Wednesday, April 1, 2009

Worried about high-dose prescribing? Manage risk for you and your patient

Neil S. Kaye, MD, DFAPA
Assistant clinical professor of psychiatry and human behavior, Assistant clinical professor of family medicine, Jefferson Medical College, Philadelphia, PA

Jacqueline M. Melonas, RN, MS, JD
Vice president, risk management, Professional Risk Management Services, Inc., Arlington, VA

Mr. B, age 35, is admitted for the fourth time to the inpatient service with hallucinations and delusions related to chronic schizophrenia. After appropriate attempts to control his symptoms, he has begun to respond to usual treatment with an atypical antipsychotic. He remains a “partial responder,” however, at the maximum FDA-approved dosage listed in the package insert (PI). What do you do next?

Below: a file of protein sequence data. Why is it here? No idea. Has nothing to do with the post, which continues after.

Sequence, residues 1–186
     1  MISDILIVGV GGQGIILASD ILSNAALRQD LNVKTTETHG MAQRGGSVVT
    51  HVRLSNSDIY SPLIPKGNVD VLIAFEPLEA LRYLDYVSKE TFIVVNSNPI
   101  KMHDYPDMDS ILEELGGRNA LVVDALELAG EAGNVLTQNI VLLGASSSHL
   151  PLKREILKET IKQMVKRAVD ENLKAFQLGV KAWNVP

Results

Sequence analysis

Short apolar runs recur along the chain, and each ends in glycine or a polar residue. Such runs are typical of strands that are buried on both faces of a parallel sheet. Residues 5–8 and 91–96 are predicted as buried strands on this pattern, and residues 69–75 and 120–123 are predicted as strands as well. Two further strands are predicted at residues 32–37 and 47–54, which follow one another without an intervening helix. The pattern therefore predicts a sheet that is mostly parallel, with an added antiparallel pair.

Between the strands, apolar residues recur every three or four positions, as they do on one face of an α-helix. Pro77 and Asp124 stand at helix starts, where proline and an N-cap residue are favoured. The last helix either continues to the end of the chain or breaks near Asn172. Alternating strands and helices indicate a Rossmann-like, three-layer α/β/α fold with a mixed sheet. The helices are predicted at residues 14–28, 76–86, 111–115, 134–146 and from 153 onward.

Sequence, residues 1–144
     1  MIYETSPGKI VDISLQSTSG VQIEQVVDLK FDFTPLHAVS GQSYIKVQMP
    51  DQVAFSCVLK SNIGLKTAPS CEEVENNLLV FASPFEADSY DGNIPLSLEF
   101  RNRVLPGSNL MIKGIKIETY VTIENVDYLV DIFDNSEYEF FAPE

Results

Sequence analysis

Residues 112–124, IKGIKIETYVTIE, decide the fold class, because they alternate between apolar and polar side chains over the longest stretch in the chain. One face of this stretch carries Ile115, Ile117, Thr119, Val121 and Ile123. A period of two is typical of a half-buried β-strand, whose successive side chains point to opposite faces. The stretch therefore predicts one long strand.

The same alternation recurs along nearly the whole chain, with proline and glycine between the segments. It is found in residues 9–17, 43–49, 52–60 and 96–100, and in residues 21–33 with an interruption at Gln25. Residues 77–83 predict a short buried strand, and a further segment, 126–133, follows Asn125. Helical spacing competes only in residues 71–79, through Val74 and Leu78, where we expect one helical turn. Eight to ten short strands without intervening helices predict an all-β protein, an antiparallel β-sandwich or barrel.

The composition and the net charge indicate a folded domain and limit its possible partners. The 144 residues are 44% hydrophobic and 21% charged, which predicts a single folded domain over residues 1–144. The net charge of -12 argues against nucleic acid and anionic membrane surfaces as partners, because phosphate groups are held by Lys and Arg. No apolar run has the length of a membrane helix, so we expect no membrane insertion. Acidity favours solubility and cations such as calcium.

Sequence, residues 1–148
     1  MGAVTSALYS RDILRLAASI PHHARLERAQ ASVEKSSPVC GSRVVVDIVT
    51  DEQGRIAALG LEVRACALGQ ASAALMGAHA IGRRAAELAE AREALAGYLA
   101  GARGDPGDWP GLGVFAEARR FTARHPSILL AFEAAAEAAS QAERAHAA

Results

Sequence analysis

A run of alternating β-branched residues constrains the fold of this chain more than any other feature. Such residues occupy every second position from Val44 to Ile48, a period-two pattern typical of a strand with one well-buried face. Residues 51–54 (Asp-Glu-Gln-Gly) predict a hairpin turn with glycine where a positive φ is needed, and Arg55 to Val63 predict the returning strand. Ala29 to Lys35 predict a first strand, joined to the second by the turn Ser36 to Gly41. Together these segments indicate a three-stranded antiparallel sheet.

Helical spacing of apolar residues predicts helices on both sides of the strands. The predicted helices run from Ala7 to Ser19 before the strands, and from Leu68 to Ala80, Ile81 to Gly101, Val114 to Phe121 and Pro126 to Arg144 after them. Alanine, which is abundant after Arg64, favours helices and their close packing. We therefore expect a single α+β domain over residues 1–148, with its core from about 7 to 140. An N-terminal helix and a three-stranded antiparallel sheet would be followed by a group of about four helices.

Because of this author’s (NSK) dual training in medicine and forensic psychiatry, other clinicians often ask me about patients such as Mr. B. Prescribing for patients who do not respond to standard dosages can create anxiety about going “off-label.” This article describes how to manage potential risk to yourself and your patient by communicating effectively and documenting informed consent.

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